Goodbye, Monkey

Monkey. Pencil sketch by Judith Lindenau

A couple of Saturdays ago, the Tarpum Bay community buried Monkey.

Everybody on Eleuthera seems to have a nickname—Kervin is “Belly”, my neighbor is “Carwash”, and Kevin’s grandson Renaldo is “Po”. And so it goes.

Monkey’s birth name was Kimsley, and he was 24 years old when he died. The very ornate 12-page memory book handed out at his funeral explains that “he gain (sic) the nick name Monkey because of how fast he could climb a tree.”

His obituary tells us that “With firm guidance and much love he was groomed into an affectionate, and mannerly child….No matter where he went or who he came in contact with he would talk jokes with people or tease them, but he didn’t mean anything by it.” Monkey never married, but he was a well-loved part of a huge extended family which spread throughout the Bahamas and was centered here in the Tarpum Bay settlement on Eleuthera island.

Monkey was at work on the island of Exuma when the boat on which he was working blew up. He and another man were severely burned and flown to Nassau. Monkey was in the hospital for over a month and then received outpatient treatments. The obituary tells us he was often in pain but “reading his bible and seeking God deep in his heart…he thought he was getting better, he was making plans to come home for Jr. Junkanoo, but the Lord was on the other side making other plans for him….two weeks later his body took a change for the worst and he was readmitted…” Family and friends visited him in the hospital and sang and prayed, and on January 25, 2010 “he went on home to be with his sweet Jesus.”

Life in the beautiful settlement of Tarpum Bay will never be the same,” the obituary concludes. “Sleep on Monkey take your rest we love you, Jesus loves you best.”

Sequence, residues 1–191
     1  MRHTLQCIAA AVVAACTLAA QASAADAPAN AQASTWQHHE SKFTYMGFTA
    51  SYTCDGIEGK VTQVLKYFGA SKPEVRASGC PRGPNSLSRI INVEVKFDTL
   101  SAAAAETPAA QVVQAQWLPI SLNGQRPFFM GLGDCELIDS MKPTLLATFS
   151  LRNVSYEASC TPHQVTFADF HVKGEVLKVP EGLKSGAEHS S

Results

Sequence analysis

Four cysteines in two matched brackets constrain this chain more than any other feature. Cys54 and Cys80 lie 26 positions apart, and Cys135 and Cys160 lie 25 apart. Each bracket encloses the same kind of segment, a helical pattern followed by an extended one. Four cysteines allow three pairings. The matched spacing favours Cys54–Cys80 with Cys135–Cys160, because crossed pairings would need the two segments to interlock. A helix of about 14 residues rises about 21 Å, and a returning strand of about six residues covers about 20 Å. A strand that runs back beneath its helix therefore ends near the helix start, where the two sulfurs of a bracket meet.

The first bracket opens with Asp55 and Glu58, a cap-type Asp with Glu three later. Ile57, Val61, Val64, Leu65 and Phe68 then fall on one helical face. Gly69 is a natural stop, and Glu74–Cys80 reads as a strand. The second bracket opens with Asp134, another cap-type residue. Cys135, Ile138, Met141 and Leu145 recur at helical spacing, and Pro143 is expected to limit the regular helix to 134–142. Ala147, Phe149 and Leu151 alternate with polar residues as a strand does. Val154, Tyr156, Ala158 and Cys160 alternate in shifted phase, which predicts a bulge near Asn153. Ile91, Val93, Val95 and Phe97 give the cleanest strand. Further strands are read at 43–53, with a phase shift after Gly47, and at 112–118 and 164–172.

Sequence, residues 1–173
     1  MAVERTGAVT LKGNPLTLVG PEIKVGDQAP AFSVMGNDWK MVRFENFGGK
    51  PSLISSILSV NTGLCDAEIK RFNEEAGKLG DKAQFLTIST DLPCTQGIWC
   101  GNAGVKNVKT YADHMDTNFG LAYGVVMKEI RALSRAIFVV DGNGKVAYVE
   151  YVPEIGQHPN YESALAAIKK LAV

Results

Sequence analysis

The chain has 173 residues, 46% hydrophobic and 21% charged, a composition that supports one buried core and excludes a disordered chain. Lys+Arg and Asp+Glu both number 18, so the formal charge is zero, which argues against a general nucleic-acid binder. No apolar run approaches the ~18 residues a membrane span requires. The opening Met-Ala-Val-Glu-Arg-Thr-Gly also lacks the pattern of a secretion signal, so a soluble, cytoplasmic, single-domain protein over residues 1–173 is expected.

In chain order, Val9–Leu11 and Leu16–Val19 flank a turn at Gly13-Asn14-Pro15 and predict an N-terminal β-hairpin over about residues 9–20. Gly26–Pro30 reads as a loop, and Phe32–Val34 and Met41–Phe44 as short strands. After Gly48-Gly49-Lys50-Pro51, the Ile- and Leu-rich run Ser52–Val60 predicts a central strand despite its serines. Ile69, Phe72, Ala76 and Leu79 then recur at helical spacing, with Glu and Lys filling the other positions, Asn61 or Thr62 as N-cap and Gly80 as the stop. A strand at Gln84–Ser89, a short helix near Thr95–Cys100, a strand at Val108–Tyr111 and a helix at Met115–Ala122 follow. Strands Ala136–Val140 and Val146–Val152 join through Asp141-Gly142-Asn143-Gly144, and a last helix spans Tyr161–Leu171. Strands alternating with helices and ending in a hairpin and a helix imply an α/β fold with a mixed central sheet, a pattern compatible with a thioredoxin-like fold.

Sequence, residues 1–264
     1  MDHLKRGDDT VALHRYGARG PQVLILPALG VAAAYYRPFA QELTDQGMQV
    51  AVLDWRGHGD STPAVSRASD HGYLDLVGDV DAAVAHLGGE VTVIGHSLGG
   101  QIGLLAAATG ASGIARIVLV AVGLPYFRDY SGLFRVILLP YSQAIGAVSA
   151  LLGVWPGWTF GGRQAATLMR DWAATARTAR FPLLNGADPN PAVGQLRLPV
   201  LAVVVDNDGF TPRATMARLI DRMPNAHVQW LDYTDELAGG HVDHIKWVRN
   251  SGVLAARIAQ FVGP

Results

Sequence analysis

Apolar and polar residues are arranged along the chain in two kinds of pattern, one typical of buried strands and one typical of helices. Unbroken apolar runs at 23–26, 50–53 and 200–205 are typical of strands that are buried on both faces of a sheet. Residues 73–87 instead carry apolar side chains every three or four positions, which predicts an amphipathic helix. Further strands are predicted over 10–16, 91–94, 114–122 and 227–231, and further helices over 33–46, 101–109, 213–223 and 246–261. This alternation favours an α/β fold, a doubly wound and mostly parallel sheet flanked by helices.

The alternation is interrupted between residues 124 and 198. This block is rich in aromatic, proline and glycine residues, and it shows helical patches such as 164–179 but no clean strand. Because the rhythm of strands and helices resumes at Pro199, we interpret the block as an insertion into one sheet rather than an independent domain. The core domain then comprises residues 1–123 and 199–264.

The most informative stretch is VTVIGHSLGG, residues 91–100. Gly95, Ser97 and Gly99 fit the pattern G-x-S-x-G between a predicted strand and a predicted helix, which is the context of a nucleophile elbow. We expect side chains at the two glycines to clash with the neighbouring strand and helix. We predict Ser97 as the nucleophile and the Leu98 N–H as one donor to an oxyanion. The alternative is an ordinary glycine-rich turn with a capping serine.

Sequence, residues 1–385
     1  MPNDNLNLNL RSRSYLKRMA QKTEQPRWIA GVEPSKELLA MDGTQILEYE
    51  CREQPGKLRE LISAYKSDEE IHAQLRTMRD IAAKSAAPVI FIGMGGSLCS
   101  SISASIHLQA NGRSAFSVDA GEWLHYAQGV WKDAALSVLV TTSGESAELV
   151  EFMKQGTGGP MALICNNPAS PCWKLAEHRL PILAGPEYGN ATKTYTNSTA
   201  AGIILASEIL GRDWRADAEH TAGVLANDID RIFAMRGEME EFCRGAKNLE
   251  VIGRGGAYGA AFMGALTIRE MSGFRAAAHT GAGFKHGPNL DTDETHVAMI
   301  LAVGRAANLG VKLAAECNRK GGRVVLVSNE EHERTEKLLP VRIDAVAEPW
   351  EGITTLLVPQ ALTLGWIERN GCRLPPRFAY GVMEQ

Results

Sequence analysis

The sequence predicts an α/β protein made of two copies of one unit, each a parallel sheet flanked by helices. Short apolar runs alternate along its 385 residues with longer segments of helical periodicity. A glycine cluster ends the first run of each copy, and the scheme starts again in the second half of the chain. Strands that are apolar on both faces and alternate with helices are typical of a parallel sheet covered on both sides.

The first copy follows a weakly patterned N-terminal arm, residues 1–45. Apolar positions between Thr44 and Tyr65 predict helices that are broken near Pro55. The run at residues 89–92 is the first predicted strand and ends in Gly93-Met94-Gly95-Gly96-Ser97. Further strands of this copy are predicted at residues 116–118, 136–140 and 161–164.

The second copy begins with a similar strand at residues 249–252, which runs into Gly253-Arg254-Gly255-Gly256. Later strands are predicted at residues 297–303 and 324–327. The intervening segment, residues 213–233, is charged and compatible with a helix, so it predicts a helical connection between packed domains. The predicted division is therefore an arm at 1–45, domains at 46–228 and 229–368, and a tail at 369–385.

Monkey’s death did indeed shake this community. He had many friends — his funeral book lists over 120 names categorized as Mother, Father, Stepfather Grandfathers, Grandmothers, Brothers, Sisters, Adopted brothers and sisters, Nephews (lots), Godchildren, Mother Like No Others, Father Figures In His Life, and Numerous Other Relatives and Friends including various places where Monkey shopped and hung out.

In addition, Monkey’s family was lacking resources to ship his body home to Tarpum Bay for the funeral. Rumor has it that the undertaker wouldn’t release the body until the family could pay cash, so the community held a fund raiser to help out: Monkey’s portrait was printed on white t-shirts which were sold to everyone. Many men attending the funeral wore these shirts under their dark suits in remembrance of their friend.

I didn’t know Monkey, although he was a very close friend of Kervin’s son Mano. Tarpum Bay takes its funerals seriously, however. Monkey’s passing was announced by a slow and somber tolling of the church bell right next to our house. People gather at the sound which, the slow, hollow toll which seems to go on forever. They stand in quiet groups in the middle of Lord Street, heads bowed, murmuring quietly.

Once the money was collected and the body brought back from Nassau, a Friday night visitation was held, followed by an all night vigil. Since the church is next door to our house, we were able to watch the huge floral arrangement being brought in for the Saturday service, and the church entryway decorated with garlands of plastic flowers.

The service itself was over two hours long. People were dressed in their finest: women in somber church suits and dresses and solemn hats, children in pressed white shirts or blouses, men in dark suits and – often– their memorial t-shirts. A shiny black hearse was parked in the alley between our house at the church, and the overflow crowd leaned against it in the hot sun. Often children and men would escape and run to Berts for the Best for a cool soda, and then return to the singing, preaching, and eulogies. When it was over, the coffin loaded in the waiting vehicle, and the five block processional began.

The settlement  cemetery is located down by the sea, right next to the cottage I rented the first time I stayed in Tarpum Bay. Because of the winds and tides and shifting sand, many of the concrete vaults are exposed, and grave tending is a futile task–but for one or two days the huge, garish plastic funeral wreaths will mark Monkey’s final resting place.

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3 thoughts on “Goodbye, Monkey

  1. You have captured how a community mourns one of its members in a most sensitive way. Will Monkey’s family be able to read this post? It is a beautiful memorial. Thank you for sharing this.

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